And demand for campus soaring right now. So we’re doing so that’s really good to say that demand for camp is soaring, you have to bear in mind that 2020 and 2021 will have heavily affected by COVID. Of course, COVID is still a thing as you can hear my voice, I’m actually COVID-positive at the time of recording.
And it’s very interesting to see 26 million campers, on average go to summer camp in the year and they want to grow that number. They don’t want to stifle it. And that’s the problem that summer camps do have it and it’s often glossed over. Problem. When you look back at volunteering with Camp America is the swathes of kids and families that don’t actually get the chance to take their kids to a summer camp and have the time of their lives is very much of a dream for many families, many kids that they want to go and have these crazy once in a lifetime experiences. And there are so many kids and families that are able to budget themselves over the course of a year. So every year they can go and work or shall I say enjoy themselves summer camp, your best to manage costs as well as we can. But prices are going up. And I would say demand is outstripping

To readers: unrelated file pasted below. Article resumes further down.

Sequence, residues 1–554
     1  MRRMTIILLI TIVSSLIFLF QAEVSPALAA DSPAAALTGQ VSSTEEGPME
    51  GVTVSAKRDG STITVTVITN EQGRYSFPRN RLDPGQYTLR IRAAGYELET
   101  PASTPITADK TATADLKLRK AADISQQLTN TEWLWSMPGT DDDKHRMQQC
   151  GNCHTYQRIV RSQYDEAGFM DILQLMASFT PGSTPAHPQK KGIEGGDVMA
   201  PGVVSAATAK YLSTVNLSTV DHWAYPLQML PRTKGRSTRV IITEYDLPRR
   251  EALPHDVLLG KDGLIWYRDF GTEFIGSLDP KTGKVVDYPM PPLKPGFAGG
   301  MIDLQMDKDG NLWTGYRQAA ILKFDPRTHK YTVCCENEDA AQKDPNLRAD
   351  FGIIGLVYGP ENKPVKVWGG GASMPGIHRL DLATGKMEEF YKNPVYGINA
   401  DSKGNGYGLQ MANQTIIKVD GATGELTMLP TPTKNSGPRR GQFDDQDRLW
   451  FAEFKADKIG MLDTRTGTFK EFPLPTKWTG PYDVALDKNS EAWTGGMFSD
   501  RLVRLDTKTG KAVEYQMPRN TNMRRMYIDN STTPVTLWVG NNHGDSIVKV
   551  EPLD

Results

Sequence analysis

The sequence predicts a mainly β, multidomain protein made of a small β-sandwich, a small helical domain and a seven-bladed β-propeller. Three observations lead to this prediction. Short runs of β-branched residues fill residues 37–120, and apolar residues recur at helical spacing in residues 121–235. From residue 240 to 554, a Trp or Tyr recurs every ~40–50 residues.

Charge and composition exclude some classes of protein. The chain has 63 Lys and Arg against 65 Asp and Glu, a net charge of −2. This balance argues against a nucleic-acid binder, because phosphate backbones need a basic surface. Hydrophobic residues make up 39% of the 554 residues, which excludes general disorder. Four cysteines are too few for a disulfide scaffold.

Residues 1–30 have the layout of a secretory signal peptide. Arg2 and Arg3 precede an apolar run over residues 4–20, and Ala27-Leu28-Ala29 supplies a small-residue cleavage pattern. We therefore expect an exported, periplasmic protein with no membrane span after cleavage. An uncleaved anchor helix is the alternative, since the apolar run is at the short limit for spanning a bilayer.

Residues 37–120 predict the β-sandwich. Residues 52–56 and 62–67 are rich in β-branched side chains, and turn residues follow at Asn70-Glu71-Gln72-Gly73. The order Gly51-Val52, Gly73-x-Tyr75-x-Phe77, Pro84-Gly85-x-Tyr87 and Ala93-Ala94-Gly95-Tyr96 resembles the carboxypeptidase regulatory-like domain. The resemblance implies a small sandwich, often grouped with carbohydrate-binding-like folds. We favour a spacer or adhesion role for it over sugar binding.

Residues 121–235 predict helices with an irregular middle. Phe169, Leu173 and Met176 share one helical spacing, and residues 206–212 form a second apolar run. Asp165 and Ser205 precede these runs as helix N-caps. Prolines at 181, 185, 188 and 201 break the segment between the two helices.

supply in a big way right now. We’re going to ask them, What do you have this sort of the labour shortages and these other pressures? How much has it changed pre-pandemic worsens. Now in terms of the people trying to get into camps, and just how much you’re able to accommodate people? Well, you know, they’re 74 million school-aged children in the United States, I believe, and a pre-pandemic, we were serving about 26 million of them. But a lot of children out there who have not yet had the privilege of attending a day camp or attending an overnight camp that’s a shame. We’re very much aware of that we’re working really hard to find funding for. For more kids to go to camp. We also need to build more camps and grow camps make the increase their capacity. Even the United States Department of Education has provided summer learning dollars available for you